WWD: There are rumors that you’ve disappeared. Have you?
David: That was all to do with my most recently published novel, "The Peacock Manifesto." I continued the narrative of it beyond the end of the book, trying to use some nontraditional ways of telling the story — like the press and the Internet, and live events. And then we carried the characters on through into the last Looper album a bit, too.
WWD: How do you compare to the reclusive character in "Nalda Said"?
David: What I often do with my characters is just magnify some aspects of my own personality, and then totally disregard others, and then put that into a situation and see what would happen. I have my own shyness and my own paranoia, I think. But it’s just a case of how that’s balanced with other things.
WWD: What purpose does Aunt Nalda serve in the story?
David: I suppose the most obvious thing that Nalda represents would be any form of organized belief system, that is passed on and not questioned. Whether that be a belief in a particular political party, or in a particular organized religion. Anything like that. I think everyone has had a Nalda-like influence in their life. I think everyone believes certain things that whoever brought them up passed on, that might not be particularly true.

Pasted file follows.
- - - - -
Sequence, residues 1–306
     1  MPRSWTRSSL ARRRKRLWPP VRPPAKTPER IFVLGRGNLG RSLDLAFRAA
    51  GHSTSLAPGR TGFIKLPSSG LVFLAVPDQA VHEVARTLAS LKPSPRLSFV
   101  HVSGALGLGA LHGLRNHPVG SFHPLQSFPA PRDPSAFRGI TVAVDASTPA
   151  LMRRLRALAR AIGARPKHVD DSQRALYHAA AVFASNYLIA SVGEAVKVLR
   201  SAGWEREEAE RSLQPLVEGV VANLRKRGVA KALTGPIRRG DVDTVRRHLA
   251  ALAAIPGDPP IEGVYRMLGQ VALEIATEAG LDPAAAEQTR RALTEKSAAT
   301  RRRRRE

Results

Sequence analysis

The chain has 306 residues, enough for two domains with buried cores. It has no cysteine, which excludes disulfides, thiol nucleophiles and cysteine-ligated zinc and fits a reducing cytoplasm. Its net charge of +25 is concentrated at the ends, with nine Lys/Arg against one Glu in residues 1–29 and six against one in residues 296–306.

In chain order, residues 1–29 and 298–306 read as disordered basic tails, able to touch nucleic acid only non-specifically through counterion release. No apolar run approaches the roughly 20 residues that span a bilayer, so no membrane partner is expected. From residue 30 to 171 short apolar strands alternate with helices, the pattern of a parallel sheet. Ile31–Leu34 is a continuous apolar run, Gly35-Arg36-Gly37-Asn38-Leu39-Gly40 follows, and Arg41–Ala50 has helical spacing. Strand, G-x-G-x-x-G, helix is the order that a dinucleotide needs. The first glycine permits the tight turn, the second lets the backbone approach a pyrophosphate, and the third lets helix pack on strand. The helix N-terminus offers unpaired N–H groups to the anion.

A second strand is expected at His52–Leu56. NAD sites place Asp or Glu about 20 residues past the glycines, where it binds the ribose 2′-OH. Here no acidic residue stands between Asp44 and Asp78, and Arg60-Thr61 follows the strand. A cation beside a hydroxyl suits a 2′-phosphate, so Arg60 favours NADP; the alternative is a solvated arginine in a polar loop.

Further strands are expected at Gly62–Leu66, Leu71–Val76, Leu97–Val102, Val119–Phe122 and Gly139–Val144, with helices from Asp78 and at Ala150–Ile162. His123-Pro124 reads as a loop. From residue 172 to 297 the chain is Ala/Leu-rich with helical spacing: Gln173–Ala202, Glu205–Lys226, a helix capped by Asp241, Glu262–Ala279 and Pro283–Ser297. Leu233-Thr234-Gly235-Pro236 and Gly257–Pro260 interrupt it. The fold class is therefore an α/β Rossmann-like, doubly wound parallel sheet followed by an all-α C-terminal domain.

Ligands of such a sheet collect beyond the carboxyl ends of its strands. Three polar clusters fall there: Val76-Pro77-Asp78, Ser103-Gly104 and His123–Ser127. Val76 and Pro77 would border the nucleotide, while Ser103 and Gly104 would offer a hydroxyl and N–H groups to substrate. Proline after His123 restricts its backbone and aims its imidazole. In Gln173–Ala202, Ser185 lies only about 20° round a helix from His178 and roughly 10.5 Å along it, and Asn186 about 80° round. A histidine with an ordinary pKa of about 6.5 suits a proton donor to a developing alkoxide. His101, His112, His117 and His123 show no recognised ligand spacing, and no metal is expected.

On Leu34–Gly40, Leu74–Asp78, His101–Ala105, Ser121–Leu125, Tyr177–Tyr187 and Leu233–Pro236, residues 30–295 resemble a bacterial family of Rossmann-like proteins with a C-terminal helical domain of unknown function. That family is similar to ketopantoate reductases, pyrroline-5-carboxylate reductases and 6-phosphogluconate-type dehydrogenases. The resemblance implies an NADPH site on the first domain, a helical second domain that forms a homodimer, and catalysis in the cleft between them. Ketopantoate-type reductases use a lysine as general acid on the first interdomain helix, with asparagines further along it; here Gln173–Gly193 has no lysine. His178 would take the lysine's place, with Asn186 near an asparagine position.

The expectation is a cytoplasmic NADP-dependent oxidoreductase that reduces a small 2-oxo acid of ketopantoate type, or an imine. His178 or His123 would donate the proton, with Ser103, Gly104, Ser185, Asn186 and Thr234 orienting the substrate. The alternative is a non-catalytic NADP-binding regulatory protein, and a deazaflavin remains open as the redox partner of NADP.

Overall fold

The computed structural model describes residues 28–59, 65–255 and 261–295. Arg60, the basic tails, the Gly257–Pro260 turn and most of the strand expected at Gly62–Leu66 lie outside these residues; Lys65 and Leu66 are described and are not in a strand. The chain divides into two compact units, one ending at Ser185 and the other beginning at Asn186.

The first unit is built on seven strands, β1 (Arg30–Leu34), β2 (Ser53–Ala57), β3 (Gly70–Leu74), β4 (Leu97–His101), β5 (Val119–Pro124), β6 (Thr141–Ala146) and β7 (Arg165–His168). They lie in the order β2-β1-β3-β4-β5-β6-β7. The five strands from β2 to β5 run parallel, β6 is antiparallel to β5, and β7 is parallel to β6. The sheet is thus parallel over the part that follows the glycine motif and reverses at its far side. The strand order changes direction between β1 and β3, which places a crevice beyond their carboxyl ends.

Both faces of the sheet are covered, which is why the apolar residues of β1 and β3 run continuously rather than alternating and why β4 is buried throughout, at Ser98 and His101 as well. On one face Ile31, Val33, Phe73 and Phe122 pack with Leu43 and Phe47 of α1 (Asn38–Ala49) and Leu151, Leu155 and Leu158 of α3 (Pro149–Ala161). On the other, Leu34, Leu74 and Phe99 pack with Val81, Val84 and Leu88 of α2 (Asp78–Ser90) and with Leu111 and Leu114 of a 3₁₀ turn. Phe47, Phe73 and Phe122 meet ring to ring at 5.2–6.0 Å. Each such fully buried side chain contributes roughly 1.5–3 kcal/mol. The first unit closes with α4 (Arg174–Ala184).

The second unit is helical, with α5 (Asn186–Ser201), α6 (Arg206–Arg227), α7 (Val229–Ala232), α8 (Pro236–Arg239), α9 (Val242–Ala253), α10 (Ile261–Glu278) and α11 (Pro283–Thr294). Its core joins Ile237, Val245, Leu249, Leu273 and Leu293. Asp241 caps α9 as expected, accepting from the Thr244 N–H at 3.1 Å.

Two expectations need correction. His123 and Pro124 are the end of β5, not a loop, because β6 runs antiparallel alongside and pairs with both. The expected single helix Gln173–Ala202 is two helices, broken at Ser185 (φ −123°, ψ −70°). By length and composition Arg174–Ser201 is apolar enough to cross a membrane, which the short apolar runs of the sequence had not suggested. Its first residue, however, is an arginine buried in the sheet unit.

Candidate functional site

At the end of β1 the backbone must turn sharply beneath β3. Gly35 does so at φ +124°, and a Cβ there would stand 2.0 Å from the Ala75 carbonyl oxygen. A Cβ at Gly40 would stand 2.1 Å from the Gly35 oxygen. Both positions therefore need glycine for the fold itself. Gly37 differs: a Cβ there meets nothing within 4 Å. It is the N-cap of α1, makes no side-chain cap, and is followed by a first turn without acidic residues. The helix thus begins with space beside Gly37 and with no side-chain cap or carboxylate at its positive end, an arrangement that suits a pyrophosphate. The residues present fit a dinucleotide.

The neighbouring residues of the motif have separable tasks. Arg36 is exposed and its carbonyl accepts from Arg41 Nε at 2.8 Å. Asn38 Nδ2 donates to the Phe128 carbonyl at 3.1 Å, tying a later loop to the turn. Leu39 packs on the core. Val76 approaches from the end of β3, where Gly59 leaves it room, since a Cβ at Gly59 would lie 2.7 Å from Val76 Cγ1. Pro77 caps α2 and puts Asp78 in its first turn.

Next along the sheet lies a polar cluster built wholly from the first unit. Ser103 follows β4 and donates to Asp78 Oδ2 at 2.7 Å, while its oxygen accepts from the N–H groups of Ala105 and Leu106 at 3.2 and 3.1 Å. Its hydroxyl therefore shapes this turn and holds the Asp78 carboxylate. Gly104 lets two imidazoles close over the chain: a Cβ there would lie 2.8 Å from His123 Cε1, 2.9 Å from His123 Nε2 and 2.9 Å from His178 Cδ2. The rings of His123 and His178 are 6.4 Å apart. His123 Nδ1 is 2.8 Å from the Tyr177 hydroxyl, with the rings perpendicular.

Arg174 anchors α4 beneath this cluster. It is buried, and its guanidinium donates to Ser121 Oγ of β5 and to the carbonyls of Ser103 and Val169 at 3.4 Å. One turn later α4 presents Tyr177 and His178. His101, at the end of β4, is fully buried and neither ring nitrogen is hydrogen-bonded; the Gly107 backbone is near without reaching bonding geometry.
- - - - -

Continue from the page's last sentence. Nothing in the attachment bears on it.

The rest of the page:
WWD: What’s the moral of the story?
David: I wouldn’t say my outlook is bleak, but I think quite a brutal honesty is required to overcome certain things. With ‘Nalda Said,’ it’s not so much me saying, ‘This is how things are,’ so much as, ‘This is what can happen.’ I’d hope it’s more a cautionary tale than anything else.